He took the SEC into the national conversation. As college sports went from being a series of regional players and, through media, became national brands, nobody did a better job than Mike did for the SEC.
Greg Brown, Learfield’s CEO and president, said much of Slive’s reputation was built on his approach, not just the outcomes.
“In all of our dealings, what stood out to me was the gentlemanly way he handled his business,” Brown said. “In that way, he was unparalleled. He never used his position in a bullying way, which is pretty unique among executives at that level.”
Because of his position, Slive was often asked about his philosophy on leadership or his negotiating style, which amused him. As far as he was concerned, he didn’t have a style.
“I really don’t know what I think until I hear myself talk,” Slive once said. “I don’t have a style. I don’t think about a style. You sit, you listen, you think, you deliberate, you say things that are constructive. It’s not a strategy.”
Well, there was one strategy that Slive effectively employed at the negotiating table. David Williams, Vanderbilt’s athletic director, said Slive wasn’t afraid to leave a negotiation if things weren’t going like he thought they should. That’s what happened during talks with ESPN in the mid 2000s.
“Mike would say that a good negotiator is always willing to get up and walk away,” Williams said. “You hear that a lot, but you don’t see it a lot. Well, right in the middle of a meeting, Mike said, ‘Pack your bags, we’re going to the airport.’ He was ready to go.”
ESPN called the SEC back to the table and the landmark 2008 media rights deal was struck.
Slive’s staunch defense of the conference came into play during separate talks with Magnus. The commissioner wanted to start a basketball series against the Big 12, but when ESPN came back with a tepid response, the games didn’t get scheduled right away. Slive, who was trying to elevate the SEC’s struggling basketball, blamed ESPN’s lack of commitment.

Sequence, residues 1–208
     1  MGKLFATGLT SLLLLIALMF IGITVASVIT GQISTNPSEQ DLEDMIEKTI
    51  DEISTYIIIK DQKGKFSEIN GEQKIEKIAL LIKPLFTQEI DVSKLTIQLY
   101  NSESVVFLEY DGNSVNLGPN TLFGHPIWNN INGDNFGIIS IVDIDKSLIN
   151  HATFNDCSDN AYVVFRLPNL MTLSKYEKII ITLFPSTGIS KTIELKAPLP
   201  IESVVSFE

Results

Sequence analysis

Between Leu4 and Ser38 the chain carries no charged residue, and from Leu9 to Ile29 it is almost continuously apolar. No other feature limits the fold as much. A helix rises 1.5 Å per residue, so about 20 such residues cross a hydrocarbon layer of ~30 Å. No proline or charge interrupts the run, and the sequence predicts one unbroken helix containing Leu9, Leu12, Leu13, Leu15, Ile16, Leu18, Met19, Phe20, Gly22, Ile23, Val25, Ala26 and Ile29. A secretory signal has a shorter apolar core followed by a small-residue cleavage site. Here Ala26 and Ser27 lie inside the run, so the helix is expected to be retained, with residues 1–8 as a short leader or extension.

“He felt like we short-armed it,” Magnus said. “He held a grudge for a couple of years with me.”
Slive finally addressed the issue with Magnus as they sat on the patio of a Key Biscayne, Fla., hotel during the BCS.
“That’s the last we ever spoke of it,” Magnus said. “From that moment forward, it cemented one of the best friendships I had when I worked in college sports. It was all based on him defending the honor of the SEC.”
Justin Connolly, executive vice president of affiliate sales for Disney and ESPN Media Networks, who took the lead on launching the SEC Network, felt similarly challenged at first. Connolly got to know Slive in 2013 and remembers the relationship getting off to a slow start.
“In the beginning, it wasn’t a love fest,” Connolly said. “He spent his time trying to test and trial how we were going to work together. But once he and I built a trust, he would have done anything. And he did.”
Connolly reminisced about road trips he would make with Slive to various Quarterback Clubs or Chambers of Commerce gatherings in small towns throughout the SEC footprint to gain early support for the channel.
“He became a huge mentor and friend in a very short time,” Connolly said.
Sometimes, though, Slive’s advice failed to convince him. Once, before a long road trip, Slive suggested that Connolly buy a pair of orthopedic shoes that Slive was wearing. “We’re going to do a lot of walking,” Slive said.
“Commissioner, I love your advice. But I’m definitely not going to buy those shoes,” Connolly responded. “My wife’s never going to let me buy shoes that a 70-year-old guy is wearing.”
Slive roared with laughter. Connolly did too as he reminisced, like so many of Slive’s friends did last week, thinking about deep exchanges or lighter moments.
“He had this amazing warmth and capacity for friendship,” said Mike Aresco, the former CBS executive who’s now commissioner of the American Athletic Conference. “That’s what he was about.”